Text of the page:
The Capitol Siege: The Cases Behind the Largest Criminal Investigation in US History


Insurgency Database Photos // DOJ/NPR

Updated January 14, 2022 4:15 PM ET

Editor’s note: This story was first published on February 9, 2021. It is regularly updated and includes explicit language.

On January 6, 2021, hundreds of supporters of former President Donald Trump broke through police lines and stormed the US Capitol, forcing a panicked evacuation of key political leaders and threatening the country’s peaceful transfer of power. The violent attack was an act of domestic terrorism, according to to the Federal Bureau of Investigation.

About 140 law enforcement personnel were injured in the attack, many at the hands of rioters wielding pepper spray, metal pipes and clubbed American flags. These injuries included brain damage and crushed spinal discs. Five people ultimately died during or shortly after the riot, although not all of their deaths were directly attributed to the events of that day. A woman, Ashli ​​Babbitt, was shot and killed by Capitol police. Over $1 million in damage was done to the Capitol building.

In response to the attack, the Justice Department launched what became the largest criminal investigation in American history, involving dozens of federal investigators and prosecutors across the country.

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So far, more than 740 people have been charged with crimes, and that number continues to grow steadily. The FBI estimated that 2,000 people may have been involved in the attack that day. Law enforcement has arrested suspected rioters in nearly all 50 states, as well as the District of Columbia. The defendants appear to be largely white, but not entirely. Federal prosecutors say far-right militia members dressed in tactical gear rioted next to a county commissioner, a New York City sanitation worker and a a double Olympic gold medalist.

In an effort to better understand the violent attack on the Capitol, its alleged perpetrators, and the threat it posed to American democracy, NPR is tracking every criminal case arising from the events of that day. This database makes publicly available – and can be searched – data on hundreds of cases, including measures such as the age of the defendants, their location, their alleged affiliation with extremist organizations, their experience past or present in law enforcement or military matters, and the latest status of their case.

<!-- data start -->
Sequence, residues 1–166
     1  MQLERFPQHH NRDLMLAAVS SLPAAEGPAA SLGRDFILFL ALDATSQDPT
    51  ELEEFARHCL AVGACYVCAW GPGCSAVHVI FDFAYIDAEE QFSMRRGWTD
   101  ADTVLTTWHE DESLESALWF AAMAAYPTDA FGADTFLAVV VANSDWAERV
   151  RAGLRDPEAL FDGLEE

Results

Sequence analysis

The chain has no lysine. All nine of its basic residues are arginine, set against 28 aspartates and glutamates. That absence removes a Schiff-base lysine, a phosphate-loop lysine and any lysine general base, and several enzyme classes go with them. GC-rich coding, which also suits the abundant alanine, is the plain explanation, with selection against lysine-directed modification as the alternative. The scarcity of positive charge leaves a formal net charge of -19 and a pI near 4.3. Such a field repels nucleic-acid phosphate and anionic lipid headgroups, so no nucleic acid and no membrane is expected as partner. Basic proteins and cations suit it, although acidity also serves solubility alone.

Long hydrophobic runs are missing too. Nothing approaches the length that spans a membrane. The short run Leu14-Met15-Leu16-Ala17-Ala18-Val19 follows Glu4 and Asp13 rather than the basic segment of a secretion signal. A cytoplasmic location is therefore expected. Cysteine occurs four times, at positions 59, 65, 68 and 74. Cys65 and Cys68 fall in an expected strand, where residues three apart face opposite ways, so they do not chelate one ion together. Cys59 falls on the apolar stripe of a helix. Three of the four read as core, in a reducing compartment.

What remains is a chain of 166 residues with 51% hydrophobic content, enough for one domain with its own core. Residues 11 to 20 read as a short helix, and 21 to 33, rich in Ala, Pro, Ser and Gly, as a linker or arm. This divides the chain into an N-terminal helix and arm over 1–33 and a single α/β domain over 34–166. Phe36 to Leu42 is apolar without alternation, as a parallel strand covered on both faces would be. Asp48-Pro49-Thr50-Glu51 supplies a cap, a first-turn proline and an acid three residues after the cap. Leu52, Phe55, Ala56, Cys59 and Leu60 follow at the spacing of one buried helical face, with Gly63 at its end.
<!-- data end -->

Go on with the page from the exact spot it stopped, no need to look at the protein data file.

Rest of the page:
In public comments and court documents, the Justice Department roughly classified the cases into three categories: those who conspired for days, weeks, and even months to attack the Capitol; those who would have violently attacked the police, often with weapons; and the rest who broke into the building as part of the mob, but committed no further crimes. 55 defendants were charged with conspiracy. And 189 defendants were charged with violence.

So far, 192 people have pleaded guilty to one or more charges stemming from the riot. Judges handed down sentences against 82 people. 46% of those convicted were sentenced to prison terms. The average jail term for all defendants who have pleaded guilty is 106 days. One defendant had his charges dismissed.

Among the other discoveries of this database:

NPR found that at least 14% of those charged appear to have ties to the military or law enforcement. The presence of current and former law enforcement officers, as well as military and veterans, particularly alarmed government officials.

At least 119 defendants have alleged ties to known extremist or fringe organizations, such as the pro-Trump QAnon conspiracy theory; the Proud Boys, a far-right group known for street violence; the Oath Keepers, an anti-government group; and the Three Percenters, part of the anti-government militia movement. However, a large majority of those charged have no known links to established extremist groups. This has led scholars to worry about how extremist ideologies have become more mainstream.

Explore the database below.

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